Hong Kong and the Association of Southeast Asian Nations (ASEAN) have wrapped up three years of negotiations on a multilateral free trade agreement and a related investment agreement.
The announcement was made at the 2nd ASEAN Economic Ministers-Hong Kong, China Consultations (AEM-HKC Consultations), co-chaired by Hong Kong’s Secretary for Commerce and Economic Development Edward Yau and the Philippines’ Secretary of Trade and Industry Ramon Lopez, in Pasay City, Metro Manila.
Economic ministers from other ASEAN member states – Thailand, Malaysia, Indonesia, Vietnam, Brunei, Singapore, Cambodia, Laos and Myanmar – also attended the meeting.
The ASEAN is Hong Kong’s second largest partner in merchandise trade, which reached HK$833 billion in 2016, after mainland China, and the fourth largest in services trade, which amounted to HK$121 billion in 2015.
Singapore, Thailand and Vietnam were Hong Kong’s top three trading partners among ASEAN members in 2015, representing 37 percent, 16.3 percent and 15.5 percent of Hong Kong’s total merchandise trade with the region respectively.
On investment, at the end of 2015, the ASEAN ranked sixth among Hong Kong’s destinations of outward direct investment, at HK$218 billion, and also sixth among the city’s sources of inward direct investment, at HK$555 billion.
Hong Kong also serves as a vital entrepot for trade between the mainland China and ASEAN. Re-exports of goods of ASEAN origin through Hong Kong to the mainland have risen 5 percent annually on average since 2011.
In 2015, around HK$231 billion of mainland’s import of goods from the ASEAN were routed through Hong Kong, while re-exports of mainland origin goods to the ASEAN via Hong Kong exceeded HK$183.6 billion.
ASEAN members, with a population of 634 million, recorded a collective gross domestic product of US$2.55 trillion in 2016.
“Our economy stands to benefit from the FTA and the Investment Agreement, which will bring us more and better access to the ASEAN markets, create new business opportunities and further enhance trade and investment flows,” Hong Kong’s Commerce and Economic Development Bureau said in a statement.
“The agreements are comprehensive in scope and the commitments therein are of value, encompassing trade in goods, trade in services, investment, economic and technical cooperation and dispute settlement mechanisms. The FTA will become effective after completion of the necessary procedures.”
Hong Kong and the ASEAN will sign the FTA and the Investment Agreement in November, subject to the timing of completion of respective paperwork and legislation procedures both in Hong Kong and the ten ASEAN members.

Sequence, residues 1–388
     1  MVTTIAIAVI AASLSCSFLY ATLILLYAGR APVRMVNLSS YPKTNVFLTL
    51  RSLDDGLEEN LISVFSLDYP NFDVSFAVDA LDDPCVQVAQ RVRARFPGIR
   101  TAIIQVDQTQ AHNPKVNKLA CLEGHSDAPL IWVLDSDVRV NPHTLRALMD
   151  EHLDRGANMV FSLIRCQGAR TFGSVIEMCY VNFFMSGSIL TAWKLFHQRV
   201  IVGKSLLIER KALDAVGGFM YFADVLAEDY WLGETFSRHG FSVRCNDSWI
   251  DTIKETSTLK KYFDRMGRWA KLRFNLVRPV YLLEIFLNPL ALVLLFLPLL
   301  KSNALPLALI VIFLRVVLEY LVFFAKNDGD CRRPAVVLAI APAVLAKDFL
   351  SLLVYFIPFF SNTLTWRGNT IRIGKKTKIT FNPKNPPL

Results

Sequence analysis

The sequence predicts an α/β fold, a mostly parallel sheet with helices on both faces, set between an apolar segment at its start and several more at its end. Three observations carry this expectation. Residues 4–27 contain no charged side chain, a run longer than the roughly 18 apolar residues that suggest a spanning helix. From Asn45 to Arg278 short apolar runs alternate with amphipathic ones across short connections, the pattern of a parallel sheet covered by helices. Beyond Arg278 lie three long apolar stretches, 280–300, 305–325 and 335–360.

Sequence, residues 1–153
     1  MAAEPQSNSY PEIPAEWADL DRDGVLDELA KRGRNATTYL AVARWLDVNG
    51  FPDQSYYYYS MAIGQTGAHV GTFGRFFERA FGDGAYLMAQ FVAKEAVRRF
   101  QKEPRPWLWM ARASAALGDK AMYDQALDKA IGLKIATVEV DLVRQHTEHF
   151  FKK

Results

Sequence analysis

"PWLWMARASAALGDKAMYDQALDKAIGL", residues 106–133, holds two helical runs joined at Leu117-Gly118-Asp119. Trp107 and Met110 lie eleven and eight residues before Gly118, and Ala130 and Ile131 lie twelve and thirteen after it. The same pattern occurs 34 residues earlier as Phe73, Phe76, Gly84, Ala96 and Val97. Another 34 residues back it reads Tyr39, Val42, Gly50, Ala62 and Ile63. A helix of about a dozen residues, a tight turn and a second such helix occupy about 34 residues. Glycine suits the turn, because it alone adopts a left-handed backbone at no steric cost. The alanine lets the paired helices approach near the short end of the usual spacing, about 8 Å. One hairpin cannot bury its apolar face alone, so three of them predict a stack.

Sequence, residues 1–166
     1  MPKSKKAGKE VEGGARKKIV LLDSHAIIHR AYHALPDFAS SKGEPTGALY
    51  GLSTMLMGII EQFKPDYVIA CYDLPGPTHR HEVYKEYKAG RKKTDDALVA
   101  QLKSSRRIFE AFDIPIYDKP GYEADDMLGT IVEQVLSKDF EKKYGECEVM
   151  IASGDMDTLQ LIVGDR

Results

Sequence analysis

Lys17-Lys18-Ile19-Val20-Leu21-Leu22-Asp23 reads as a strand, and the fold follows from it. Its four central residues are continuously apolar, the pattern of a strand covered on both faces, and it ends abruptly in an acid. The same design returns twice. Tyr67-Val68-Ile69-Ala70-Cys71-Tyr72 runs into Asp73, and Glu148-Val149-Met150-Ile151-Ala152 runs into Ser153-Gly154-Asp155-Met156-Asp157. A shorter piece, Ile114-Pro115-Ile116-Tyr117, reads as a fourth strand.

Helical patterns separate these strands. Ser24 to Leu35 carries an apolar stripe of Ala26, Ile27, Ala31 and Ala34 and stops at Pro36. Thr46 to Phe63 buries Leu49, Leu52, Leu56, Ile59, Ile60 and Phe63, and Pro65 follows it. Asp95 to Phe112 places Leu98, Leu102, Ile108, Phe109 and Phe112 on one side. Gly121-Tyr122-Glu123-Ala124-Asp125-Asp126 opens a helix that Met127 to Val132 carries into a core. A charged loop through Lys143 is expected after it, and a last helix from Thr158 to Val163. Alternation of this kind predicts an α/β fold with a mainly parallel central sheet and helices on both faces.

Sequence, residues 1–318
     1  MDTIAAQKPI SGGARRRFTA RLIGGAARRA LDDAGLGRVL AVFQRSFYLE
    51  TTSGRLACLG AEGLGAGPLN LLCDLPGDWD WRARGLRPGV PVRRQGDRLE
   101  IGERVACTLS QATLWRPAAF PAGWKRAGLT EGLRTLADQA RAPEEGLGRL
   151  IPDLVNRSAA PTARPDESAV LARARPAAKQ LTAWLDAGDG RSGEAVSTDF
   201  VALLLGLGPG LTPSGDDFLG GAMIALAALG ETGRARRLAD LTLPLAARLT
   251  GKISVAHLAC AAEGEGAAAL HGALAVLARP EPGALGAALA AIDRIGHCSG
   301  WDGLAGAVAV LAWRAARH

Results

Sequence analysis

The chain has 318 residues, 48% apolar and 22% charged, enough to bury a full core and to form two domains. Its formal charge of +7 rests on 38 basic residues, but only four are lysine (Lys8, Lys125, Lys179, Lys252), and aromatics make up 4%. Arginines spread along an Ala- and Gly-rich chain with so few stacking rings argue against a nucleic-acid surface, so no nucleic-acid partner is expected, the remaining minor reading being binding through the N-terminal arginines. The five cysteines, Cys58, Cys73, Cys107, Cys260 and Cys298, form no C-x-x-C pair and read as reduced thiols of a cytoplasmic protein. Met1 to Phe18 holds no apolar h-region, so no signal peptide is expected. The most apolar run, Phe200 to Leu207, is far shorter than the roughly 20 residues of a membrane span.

The FTA negotiations between Hong Kong and the ASEAN started in July 2014 and were completed three years later. This is ASEAN’s first FTA since 2009.
To negotiate a free trade agreement covering a wide range of issues with 10 countries at the same time is by no means a simple task, the bureau said.
Chief Executive Carrie Lam’s first overseas visits were to ASEAN nations. She called on Singapore Prime Minister Lee Hsien Loong and Thai Prime Minister Prayut Chan-o-cha and thanked them for their vital support in concluding the FTA talks early.
In July the SAR government opened in Jakarta its second economic and trade office in the ASEAN region, on top of the existing one in Singapore. The jurisdiction of the new office covers Indonesia, the largest and most populous economy in Southeast Asia, as well as Malaysia, Brunei and the Philippines.
It also represents Hong Kong in matters between the territory and the ASEAN, whose secretariat is also in Jakarta.
The SAR government is also considering setting up another economic and trade office in Bangkok, to further tap into opportunities in Thailand, currently Hong Kong’s second largest trading partner in the region.
The office is also expected to strengthen ties with other countries on the continental portion of Southeast Asia, particularly Vietnam and Cambodia, where Hong Kong businesses have been running manufacturing plants for decades.
Hong Kong has so far entered into four FTAs with mainland China, New Zealand, Chile as well as four member states of the European Free Trade Association (Iceland, Liechtenstein, Norway and Switzerland).
Four more agreements are being negotiated with Macau, Australia, Georgia and Maldives.
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